Rizal the Federalist; Bonifacio the Unitarian

RizalBoni

by Erwin S. Fernandez

Abung na Panagbasay Pangasinan

(House of Pangasinan Studies)

Although José Rizal and Andrés Bonifacio met on some points in their politics, they diverged from their concepts of Philippine nation and government. In his classic essay, Filipinas dentro de cien años, Rizal predicted that the Philippines “will probably declare themselves a federal republic.” How and why did Rizal come to suggest federalism, which did not happen in the long run? I will trace the origin of his thinking in the context of his life and works. On the other hand, Bonifacio envisioned a “Haring Bayang Katagalugan.” Again, what were the sources of his idea of a unitary Tagalog republic, which when hijacked by the ilustrado nationalists led by Aguinaldo was transformed into a “República Filipina”? Although Rizal’s prediction did not materialize, the idea of a federal republic was resurrected in a draft of a constitution by a group of prominent Filipinos and submitted to the first Philippine commission, which I will examine. Finally, I will state the implications of this understated yet fundamental difference between Rizal and Bonifacio in Philippine historiography and in the continuing search for an alternative system that includes rather than excludes the marginalized, respects the diversity of the nation and empowers the people in their communities.

Pitting Rizal and Bonifacio would seem to invite a lot of flak from Rizalists and Bonifacists. But one cannot help because there is a growing consciousness among the younger generation how the present political system hinders rather than encourages growth in the countryside after more than a century of experiment in a centralized Unitarian presidential setup. Since both Rizal and Bonifacio are national heroes who fathered the Philippine nation, it is only proper to investigate what kind of political system they had in mind for the country after their eventual separation from Spain. Let me begin with Rizal.

Rizal and his República Federal de Filipinas

Rizal predicted that after a hundred years, the Philippines might become a federal republic. His prognosis did not materialize. What must have been the source for this idea? “Filipinas dentro de cien años”, Rizal’s perceptive essay, graced the pages of La Solidaridad on 15 June 1889 to 1 February 1890. By this time Rizal was in London annotating Morga at the British Museum. It was seven years after he set foot in Madrid meeting some of its intellectual giants. One of them, Francesc Pi y Margall was on friendly terms with Rizal during his student days (Schumacher 1997, 56n).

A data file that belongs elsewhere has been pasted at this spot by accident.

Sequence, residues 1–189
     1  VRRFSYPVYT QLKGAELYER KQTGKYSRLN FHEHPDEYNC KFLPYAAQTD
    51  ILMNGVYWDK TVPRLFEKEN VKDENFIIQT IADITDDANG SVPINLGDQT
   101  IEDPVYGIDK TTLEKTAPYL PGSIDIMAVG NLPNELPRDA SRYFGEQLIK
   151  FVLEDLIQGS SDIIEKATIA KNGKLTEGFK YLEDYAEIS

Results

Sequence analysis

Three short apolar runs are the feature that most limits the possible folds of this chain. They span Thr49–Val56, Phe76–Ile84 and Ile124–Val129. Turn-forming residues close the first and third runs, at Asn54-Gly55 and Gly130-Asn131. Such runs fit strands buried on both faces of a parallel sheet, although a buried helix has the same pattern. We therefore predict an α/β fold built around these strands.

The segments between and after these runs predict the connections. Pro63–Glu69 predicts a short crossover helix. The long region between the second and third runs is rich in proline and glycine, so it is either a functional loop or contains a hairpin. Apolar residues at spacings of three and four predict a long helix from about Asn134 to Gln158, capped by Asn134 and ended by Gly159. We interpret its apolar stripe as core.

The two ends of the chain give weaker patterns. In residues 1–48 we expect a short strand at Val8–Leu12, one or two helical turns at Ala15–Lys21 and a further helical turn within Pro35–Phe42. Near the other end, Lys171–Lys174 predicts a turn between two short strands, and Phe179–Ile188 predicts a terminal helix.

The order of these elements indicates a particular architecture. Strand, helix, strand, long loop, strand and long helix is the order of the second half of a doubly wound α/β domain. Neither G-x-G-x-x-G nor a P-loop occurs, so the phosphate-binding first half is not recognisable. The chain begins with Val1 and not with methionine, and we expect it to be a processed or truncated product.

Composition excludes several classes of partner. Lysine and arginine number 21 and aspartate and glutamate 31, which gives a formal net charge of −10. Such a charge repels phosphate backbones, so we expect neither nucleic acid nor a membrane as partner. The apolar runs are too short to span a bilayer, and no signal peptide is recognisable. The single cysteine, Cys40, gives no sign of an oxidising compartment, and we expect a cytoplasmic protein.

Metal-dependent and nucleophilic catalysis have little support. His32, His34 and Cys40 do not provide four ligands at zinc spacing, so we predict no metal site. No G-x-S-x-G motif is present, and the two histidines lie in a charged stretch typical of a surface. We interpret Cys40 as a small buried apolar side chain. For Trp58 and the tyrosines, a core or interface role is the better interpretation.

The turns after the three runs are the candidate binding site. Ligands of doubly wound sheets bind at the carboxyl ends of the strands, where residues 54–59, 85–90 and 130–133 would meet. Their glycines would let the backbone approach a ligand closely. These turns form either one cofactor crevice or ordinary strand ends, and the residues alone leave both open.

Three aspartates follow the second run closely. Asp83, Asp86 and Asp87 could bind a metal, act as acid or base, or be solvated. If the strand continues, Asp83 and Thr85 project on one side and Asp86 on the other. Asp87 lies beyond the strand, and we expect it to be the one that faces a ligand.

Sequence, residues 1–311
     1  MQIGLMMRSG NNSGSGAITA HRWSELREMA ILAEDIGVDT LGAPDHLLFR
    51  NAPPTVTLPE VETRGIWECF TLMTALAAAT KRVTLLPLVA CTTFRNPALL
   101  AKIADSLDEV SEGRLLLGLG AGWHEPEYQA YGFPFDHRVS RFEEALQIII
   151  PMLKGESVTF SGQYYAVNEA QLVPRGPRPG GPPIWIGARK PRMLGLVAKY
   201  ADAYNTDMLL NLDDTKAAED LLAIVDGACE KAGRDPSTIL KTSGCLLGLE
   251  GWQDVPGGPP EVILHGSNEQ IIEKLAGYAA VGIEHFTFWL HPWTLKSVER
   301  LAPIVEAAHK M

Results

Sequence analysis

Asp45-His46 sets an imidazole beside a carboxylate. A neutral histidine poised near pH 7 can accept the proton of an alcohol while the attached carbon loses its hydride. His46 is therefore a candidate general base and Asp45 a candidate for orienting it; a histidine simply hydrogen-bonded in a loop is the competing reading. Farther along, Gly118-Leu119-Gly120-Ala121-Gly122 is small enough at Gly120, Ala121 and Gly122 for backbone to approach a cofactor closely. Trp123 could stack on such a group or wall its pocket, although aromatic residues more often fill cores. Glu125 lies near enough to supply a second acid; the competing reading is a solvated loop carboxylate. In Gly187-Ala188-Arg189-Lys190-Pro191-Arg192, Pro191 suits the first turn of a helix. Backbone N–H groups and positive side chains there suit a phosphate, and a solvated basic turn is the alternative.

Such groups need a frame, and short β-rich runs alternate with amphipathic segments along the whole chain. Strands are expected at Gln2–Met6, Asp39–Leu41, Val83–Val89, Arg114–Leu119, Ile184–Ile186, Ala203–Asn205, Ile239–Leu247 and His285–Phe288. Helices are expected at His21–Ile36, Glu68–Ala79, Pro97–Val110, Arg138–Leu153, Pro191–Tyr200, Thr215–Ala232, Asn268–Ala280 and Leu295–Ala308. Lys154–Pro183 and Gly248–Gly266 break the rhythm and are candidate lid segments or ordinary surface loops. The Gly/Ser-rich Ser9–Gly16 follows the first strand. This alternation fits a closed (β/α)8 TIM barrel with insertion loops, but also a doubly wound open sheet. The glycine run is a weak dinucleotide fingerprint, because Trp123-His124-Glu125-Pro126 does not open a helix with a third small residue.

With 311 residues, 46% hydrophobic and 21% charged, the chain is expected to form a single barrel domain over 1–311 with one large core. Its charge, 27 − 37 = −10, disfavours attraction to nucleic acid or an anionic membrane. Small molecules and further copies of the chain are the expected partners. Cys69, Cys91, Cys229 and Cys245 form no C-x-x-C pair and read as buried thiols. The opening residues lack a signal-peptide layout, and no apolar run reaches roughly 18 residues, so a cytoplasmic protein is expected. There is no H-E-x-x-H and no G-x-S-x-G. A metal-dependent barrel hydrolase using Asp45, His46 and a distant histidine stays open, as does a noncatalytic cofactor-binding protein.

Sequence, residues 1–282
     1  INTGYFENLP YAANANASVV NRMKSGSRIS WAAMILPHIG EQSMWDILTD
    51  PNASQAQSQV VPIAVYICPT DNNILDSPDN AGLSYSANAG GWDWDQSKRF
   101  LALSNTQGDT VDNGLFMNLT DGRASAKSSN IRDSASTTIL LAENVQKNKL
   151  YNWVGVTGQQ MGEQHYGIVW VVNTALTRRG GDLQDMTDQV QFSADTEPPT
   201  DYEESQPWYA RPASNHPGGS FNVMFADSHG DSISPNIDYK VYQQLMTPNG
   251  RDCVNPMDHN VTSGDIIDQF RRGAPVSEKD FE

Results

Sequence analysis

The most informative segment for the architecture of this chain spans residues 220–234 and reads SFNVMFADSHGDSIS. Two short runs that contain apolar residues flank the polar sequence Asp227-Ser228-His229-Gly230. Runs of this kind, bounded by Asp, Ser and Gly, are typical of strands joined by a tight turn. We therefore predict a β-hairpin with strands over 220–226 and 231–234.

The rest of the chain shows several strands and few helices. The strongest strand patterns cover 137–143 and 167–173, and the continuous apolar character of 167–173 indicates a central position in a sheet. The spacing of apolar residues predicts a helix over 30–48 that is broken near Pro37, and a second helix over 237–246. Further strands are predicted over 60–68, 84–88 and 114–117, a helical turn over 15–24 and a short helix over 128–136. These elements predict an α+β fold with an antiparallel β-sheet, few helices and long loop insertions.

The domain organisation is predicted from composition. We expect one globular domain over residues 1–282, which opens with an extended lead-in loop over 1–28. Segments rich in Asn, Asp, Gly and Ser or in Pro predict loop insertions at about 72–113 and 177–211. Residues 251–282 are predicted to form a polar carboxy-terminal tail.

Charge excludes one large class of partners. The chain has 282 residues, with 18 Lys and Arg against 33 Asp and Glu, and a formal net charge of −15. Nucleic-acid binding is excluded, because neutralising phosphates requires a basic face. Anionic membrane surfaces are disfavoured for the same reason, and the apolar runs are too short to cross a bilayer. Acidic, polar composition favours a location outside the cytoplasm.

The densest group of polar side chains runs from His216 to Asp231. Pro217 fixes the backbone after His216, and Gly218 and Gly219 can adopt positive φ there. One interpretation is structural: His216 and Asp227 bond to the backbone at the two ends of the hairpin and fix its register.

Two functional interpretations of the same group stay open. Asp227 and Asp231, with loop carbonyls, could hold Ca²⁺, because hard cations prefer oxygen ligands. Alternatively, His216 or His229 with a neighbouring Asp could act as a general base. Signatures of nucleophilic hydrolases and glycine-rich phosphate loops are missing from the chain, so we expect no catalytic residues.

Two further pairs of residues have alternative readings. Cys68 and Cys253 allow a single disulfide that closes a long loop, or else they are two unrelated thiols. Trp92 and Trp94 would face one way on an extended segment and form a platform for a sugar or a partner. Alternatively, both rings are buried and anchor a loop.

When Rizal met Pi sometime in 1882 (Aseniero 2013, 20), the 58 year-old Catalan statesman has retired from politics. Involved in Spanish politics since 1854, he was short-time president of the First Spanish Republic of 1873. Upon his retirement, he returned to literature writing about his experiences on the Republic in La República de 1873 (1874), on his concept of the nation in Las Nacionalidades (1876), some literary pursuits in Joyas Literarias (1876) and on the history of America in Historia General de America (1878). Two years prior to meeting Rizal, Pi collected his various essays and speeches in La federacion (1880) including his 1868 prologue to his translation into Spanish of Proudhon’s Du principe Fédératif (Principle of Federation) and his 1869 speech in defense of republican federation in the Cortes. In 1883 he played a leading role at  the Republican Congress in Zaragosa in which a federal republican constitution for Spain was presented. A year later he released his Las luchas de nuestros dias and Observaciones sobre el carácter de don Juan Tenorio; the former Rizal was able to review in 1890 in La Solidaridad. Years later in Dapitan, Rizal would cite his meetings with Pi as having informed him about what was happening in the Philippines (Retana 1907, 274). It is not farfetched that prior to his review of Pi’s Las luchas Rizal must have read Pi’s earlier works, not excluding La federacion and Proudhon’s Principio Federativo or must have talked to Pi on these matters.

What was Pi’s political philosophy that must have attracted Rizal? Pi opposed constitutional monarchy and fought for the adoption of a federal republican form of government.  Federalism in Pi’s view would ensure the autonomy of regions, each with a distinct history, language and culture in contrast to a unitary republican form that would recreate a highly centralized system governed from Madrid to the peripheries.  It was the best alternative for Spain at that time because the mother country was facing the multifarious challenges of autonomy in the regions, the ineffectiveness of administrative structure, nationalist separatism in Cuba and social reforms (Aseniero 2013, 23).   The Philippines, in the 1883 draft of Spanish federal constitution, which Pi had a hand in, could assume to become one of the regions of the so-called Spanish federation but Rizal knew in 1889 that it was impossible. What he meant by República Federal de Filipinas must have consisted of autonomous regions from Luzon to Sulu forming a federal republic.